Wikipedia articles of interest

i. Coelacanth.

Coelacanth (pron.: /ˈsləkænθ/) is a rare order of fish that includes two extant species: West Indian Ocean coelacanth (Latimeria chalumnae) and the Indonesian coelacanth (Latimeria menadoensis). They follow the oldest known living lineage of Sarcopterygii (lobe-finned fish and tetrapods), which means they are more closely related to lungfish, reptiles and mammals than to the common ray-finned fishes. They are found along the coastlines of the Indian Ocean and Indonesia.[1][2] Since there are only two species of coelacanth and both are threatened, it is the most endangered order of animals in the world. The West Indian Ocean coelacanth is a critically endangered species.

Coelacanths belong to the subclass Actinistia, a group of lobed-finned fish that are related to lungfish and certain extinct Devonian fish such as osteolepiforms, porolepiforms, rhizodonts, and Panderichthys.[3] Coelacanths were thought to have gone extinct in the Late Cretaceous, but were rediscovered in 1938 off the coast of South Africa.[4] The coelacanth is considered a “living fossil” due to its apparent lack of significant evolution over the past millions of years.[3] The coelacanth is thought to have evolved into roughly its current form approximately 400 million years ago.[5]


ii. Continued fraction.

iii. Progeria.

Progeria (also known as “Hutchinson–Gilford (Progeria) Syndrome“,[1][2] and “Progeria syndrome[2]) is an extremely rare genetic disease wherein symptoms resembling aspects of aging are manifested at an early age. The word progeria comes from the Greek words “pro” (πρό), meaning “before”, and “géras” (γῆρας), meaning “old age”. The disorder has very low incidences and occurs in an estimated 1 per 8 million live births.[3] Those born with progeria typically live to their mid teens and early twenties.[4][5] It is a genetic condition that occurs as a new mutation, and is rarely inherited. Although the term progeria applies strictly speaking to all diseases characterized by premature aging symptoms, and is often used as such, it is often applied specifically in reference to Hutchinson-Gilford Progeria Syndrome (HGPS).

Scientists are particularly interested in progeria because it might reveal clues about the normal process of aging.[6][7][8] Progeria was first described in 1886 by Jonathan Hutchinson.[9] It was also described independently in 1897 by Hastings Gilford.[10] The condition was later named Hutchinson-Gilford Progeria Syndrome (HGPS).”

iv. Dieppe Raid.

“The Dieppe Raid, also known as the Battle of Dieppe, Operation Rutter and, later, Operation Jubilee, was a Second World War Allied attack on the German-occupied port of Dieppe. The raid took place on the northern coast of France on 19 August 1942. The assault began at 5:00 a.m. and by 10:50 a.m. the Allied commanders were forced to call a retreat. Over 6,000 infantrymen, predominantly Canadian, were supported by limited Royal Navy and large Royal Air Force contingents. […]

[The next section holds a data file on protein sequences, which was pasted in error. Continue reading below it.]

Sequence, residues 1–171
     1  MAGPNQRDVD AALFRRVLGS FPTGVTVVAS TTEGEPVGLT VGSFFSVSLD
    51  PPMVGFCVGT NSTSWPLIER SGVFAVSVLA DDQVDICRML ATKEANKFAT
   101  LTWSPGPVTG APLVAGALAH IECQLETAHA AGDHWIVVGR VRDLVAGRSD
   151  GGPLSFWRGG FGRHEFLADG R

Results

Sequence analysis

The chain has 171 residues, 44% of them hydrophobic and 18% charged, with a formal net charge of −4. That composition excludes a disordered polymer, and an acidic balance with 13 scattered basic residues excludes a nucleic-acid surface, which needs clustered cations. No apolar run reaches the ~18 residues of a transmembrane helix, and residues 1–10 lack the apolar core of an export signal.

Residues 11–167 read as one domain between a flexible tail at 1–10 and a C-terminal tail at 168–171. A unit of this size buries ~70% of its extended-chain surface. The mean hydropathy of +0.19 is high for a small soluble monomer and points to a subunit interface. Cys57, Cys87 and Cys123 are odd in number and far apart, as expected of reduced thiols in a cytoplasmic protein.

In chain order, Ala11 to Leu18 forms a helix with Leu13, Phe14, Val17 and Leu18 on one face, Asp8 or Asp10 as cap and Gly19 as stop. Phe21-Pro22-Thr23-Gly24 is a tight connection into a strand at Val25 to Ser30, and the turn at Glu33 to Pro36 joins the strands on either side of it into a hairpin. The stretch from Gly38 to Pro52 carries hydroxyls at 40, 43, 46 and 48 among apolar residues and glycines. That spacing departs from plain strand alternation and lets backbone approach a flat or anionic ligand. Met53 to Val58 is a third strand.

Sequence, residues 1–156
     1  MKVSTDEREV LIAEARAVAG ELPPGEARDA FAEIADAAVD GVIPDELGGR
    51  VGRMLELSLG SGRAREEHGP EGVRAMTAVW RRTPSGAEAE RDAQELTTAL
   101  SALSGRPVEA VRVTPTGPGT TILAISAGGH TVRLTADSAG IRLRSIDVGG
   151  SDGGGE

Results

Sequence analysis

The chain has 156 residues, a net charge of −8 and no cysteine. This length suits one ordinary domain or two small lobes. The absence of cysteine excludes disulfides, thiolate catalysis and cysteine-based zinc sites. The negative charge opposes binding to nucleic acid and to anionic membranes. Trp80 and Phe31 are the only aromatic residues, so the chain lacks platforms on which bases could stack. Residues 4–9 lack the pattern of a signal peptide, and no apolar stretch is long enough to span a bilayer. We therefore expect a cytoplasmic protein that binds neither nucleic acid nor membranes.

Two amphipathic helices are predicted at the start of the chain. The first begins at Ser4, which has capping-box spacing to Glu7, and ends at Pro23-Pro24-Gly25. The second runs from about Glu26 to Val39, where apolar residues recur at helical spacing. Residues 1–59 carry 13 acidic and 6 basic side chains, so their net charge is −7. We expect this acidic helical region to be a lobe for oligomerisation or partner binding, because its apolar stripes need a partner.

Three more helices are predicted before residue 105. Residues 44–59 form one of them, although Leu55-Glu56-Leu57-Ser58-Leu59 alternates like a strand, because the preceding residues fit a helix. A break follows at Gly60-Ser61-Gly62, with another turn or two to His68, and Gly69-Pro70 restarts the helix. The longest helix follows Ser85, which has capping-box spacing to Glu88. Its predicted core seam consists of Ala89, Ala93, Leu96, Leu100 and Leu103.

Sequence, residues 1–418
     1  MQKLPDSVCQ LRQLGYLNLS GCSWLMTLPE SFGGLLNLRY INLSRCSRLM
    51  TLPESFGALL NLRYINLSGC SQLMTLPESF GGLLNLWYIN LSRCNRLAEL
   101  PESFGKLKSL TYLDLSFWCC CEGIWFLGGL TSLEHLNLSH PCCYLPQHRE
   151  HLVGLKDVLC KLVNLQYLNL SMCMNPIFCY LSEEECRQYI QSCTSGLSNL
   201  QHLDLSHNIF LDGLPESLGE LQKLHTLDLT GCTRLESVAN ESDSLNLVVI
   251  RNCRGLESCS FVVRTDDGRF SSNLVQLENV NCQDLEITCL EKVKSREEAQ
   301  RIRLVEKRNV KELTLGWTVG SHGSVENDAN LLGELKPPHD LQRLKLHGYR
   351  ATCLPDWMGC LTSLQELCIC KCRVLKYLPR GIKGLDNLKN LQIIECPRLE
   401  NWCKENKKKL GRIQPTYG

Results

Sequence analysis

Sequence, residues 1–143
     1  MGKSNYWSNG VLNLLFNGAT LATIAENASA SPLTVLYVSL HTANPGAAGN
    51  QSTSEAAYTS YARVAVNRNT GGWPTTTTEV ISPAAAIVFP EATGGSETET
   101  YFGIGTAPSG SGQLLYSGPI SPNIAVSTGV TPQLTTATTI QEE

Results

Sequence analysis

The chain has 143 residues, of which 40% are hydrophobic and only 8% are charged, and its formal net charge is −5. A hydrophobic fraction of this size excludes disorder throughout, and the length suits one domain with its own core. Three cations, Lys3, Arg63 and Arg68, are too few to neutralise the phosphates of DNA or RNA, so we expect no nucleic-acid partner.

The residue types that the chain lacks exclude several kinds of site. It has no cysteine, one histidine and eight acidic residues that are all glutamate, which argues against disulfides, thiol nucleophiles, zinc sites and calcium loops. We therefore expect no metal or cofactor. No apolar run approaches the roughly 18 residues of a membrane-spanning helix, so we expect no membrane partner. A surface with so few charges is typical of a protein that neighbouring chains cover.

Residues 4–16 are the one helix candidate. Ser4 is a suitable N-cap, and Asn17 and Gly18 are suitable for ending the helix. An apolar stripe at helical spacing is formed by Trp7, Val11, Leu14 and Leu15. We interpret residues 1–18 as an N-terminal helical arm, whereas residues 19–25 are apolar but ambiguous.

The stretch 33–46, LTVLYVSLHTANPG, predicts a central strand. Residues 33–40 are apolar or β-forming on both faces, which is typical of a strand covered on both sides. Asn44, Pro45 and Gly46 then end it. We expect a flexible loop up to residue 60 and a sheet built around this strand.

Objectives included seizing and holding a major port for a short period, both to prove it was possible and to gather intelligence from prisoners and captured materials, including naval intelligence in a hotel in town and a radar installation on the cliffs above it. Although neither were completely successful, some knowledge was gained while assessing the German responses. The Allies also wanted to destroy coastal defences, port structures and all strategic buildings. The raid could have given a morale boost to the troops, Resistance, and general public, while assuring the Soviet Union of the commitment of the United Kingdom and the United States.

No major objectives of the raid were accomplished. A total of 3,623 of the 6,086 men (almost 60%) who made it ashore were either killed, wounded, or captured. The Royal Air Force failed to lure the Luftwaffe into open battle, and lost 96 aircraft (at least 32 to flak or accidents), compared to 48 lost by the Luftwaffe.[2] The Royal Navy lost 33 landing craft and one destroyer.”

So yeah, it didn’t go that well.

v. Obesity in the Pacific. The main figure from the article, click to enlarge:


In Nauru you’re pretty much a statistical outlier if you’re not overweight. “In the Marshall Islands in 2008 there were 8,000 cases of diabetes in a population of only 53,000.” That’s close to 1 in 6. There’s more data in the related article on Epidemiology of obesity.

vi. Fixed action pattern. Part of the fun of reading this article is derived from the fact that it makes use of an abbreviation which is quite often used, but usually means something else… (An example from the article: “Replicating the releasing mechanism required to trigger a FAP is known as code-breaking.”)


February 13, 2013 - Posted by | Biology, Diabetes, Genetics, History, Mathematics, Medicine, Wikipedia, Zoology

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